Skip to main content

tv   Business Briefing  BBC News  August 23, 2018 5:30am-5:46am BST

5:30 am
this is the business briefing. i'm sally bundock. trading fresh blows — the us slaps new taxes on $16 billion worth of chinese goods — and beijing responds in kind. plus tyred of unfair competition — why some us firms are backing president trump on trade. and the markets, in asia, stocks to slide, amid the turmoil in the us, but also with the new tariffs slapped on goods exported between china and the united states. but the s&p 500 has now racked up its longest bull run in wall street history. it's up more than 300% since 2009. we start with the escalating trade war between the world's two
5:31 am
biggest economies — because billions of dollars of new import taxes come into force today between the united states and china. the us is is slapping new tariffs on $16 billion worth of chinese imports. china is responding in a tit—for—tat move, taxing us imports worth the same amount. hundreds of us products will face a 25% import tax in china — ranging from coal to cars. the us will tax hundreds of chinese goods at the same level — from trains to steam turbines. this takes the value of us and chinese goods caught up in the trade war to total of $100 billion — piling pressure on exporting companies on both sides and threatening to force up prices for consumers. the white house maintains it's the only way to tackle china's ‘unfair practices' in trade —
5:32 am
and specifically its theft of us technology. beijing says it's being forced to react to washington's "unreasonable" actions. on wednesday delegates from the two sides resumed talks for the first time in two months — but president trump has already warned he doesn't expect much from the meetings. let's get the view from asia now — our asia business correspondent karishma vaswani is at the port of singapore. the carys have arrived. what next? these tariffs have long been signalled. —— the tariffs. $16 billion of carys go into effect today. this follows 3a that came into effect injuly. —— tariffs. but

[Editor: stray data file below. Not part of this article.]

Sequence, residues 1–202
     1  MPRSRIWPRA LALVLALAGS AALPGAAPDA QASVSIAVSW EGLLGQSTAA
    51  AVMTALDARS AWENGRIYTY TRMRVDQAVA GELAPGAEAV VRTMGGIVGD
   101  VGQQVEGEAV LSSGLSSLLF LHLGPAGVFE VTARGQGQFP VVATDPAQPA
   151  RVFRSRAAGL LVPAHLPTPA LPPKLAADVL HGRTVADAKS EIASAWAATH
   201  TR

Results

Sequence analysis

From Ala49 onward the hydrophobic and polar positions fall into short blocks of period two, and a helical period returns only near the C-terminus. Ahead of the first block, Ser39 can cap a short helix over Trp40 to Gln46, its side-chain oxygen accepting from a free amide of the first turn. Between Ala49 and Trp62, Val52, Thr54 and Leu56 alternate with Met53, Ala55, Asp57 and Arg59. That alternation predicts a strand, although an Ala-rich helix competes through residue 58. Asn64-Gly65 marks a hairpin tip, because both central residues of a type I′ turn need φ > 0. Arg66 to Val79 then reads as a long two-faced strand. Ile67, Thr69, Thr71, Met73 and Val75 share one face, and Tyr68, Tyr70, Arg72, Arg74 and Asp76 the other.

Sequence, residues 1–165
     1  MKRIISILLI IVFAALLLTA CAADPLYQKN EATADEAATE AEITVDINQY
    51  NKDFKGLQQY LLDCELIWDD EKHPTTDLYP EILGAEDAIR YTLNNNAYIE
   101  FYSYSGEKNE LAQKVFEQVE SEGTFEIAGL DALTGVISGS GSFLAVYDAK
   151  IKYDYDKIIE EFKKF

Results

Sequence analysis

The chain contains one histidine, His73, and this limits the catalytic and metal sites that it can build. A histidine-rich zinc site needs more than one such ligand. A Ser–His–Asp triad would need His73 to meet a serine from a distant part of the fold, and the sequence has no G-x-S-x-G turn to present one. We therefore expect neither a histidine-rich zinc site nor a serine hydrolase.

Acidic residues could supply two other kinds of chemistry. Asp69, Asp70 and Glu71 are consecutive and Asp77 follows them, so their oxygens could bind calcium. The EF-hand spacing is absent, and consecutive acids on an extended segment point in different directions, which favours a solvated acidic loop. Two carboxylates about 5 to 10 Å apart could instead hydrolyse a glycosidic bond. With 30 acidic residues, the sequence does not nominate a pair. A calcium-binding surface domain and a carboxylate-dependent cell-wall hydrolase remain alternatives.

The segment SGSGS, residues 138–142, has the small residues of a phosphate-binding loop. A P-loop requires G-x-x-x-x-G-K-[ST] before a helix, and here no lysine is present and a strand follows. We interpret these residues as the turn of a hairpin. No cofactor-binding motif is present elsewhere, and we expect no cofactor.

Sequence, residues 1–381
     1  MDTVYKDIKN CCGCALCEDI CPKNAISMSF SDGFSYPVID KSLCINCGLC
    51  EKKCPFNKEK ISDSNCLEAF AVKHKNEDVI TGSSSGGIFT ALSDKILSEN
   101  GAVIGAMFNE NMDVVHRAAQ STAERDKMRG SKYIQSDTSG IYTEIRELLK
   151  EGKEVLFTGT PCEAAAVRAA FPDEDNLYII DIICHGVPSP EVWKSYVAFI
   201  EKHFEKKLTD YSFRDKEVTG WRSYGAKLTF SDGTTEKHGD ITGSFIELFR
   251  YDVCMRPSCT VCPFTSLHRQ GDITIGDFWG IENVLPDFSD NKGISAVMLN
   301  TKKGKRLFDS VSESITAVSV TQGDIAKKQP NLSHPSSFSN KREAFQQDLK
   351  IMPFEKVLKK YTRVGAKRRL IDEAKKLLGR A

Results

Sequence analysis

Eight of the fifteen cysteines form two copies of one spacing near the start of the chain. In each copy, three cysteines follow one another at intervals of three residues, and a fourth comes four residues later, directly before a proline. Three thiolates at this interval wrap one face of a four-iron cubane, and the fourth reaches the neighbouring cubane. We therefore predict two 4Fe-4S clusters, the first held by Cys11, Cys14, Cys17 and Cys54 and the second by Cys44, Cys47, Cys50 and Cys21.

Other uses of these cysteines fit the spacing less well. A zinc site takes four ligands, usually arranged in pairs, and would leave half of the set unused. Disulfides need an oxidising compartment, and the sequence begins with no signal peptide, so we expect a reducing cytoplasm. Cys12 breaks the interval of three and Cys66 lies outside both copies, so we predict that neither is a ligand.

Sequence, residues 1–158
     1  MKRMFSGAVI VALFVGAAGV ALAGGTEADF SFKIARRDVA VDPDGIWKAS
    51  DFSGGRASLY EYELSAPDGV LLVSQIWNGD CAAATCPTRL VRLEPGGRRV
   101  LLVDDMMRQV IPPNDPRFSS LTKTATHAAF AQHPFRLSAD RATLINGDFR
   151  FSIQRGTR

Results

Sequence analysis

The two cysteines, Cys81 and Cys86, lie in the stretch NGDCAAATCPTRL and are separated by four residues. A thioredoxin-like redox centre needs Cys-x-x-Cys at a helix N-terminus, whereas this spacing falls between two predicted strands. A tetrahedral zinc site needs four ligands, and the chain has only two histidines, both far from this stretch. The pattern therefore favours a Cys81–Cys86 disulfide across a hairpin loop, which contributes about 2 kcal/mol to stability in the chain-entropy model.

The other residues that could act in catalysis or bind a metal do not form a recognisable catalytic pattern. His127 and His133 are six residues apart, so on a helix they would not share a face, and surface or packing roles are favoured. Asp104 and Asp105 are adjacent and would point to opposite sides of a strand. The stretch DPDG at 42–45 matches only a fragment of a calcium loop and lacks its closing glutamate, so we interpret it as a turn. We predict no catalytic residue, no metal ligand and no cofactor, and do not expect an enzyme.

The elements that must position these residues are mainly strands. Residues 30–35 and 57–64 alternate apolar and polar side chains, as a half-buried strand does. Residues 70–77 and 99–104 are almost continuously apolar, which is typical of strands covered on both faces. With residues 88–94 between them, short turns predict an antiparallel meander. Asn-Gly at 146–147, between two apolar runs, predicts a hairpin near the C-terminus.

5:33 am
it is the big figure, whether the trump administration goes through with its threat to put on a 25% tariff on $200 billion of chinese goods. and this is all on the backdrop of talks between beijing and washington to some respects trying to solve what is a bit of an impasse. but i spoken to some people in china and they said the delegation that has been said to have these negations and is —— that has been sent out these negotiations is fairly low—level. and that is because they are not expecting to get much out of the talks. so they are sending a low—level delegation to sit down across the table from the american counterparts, so when they walk away without the much, it won't be a matter of losing face with the chinese. the chinese are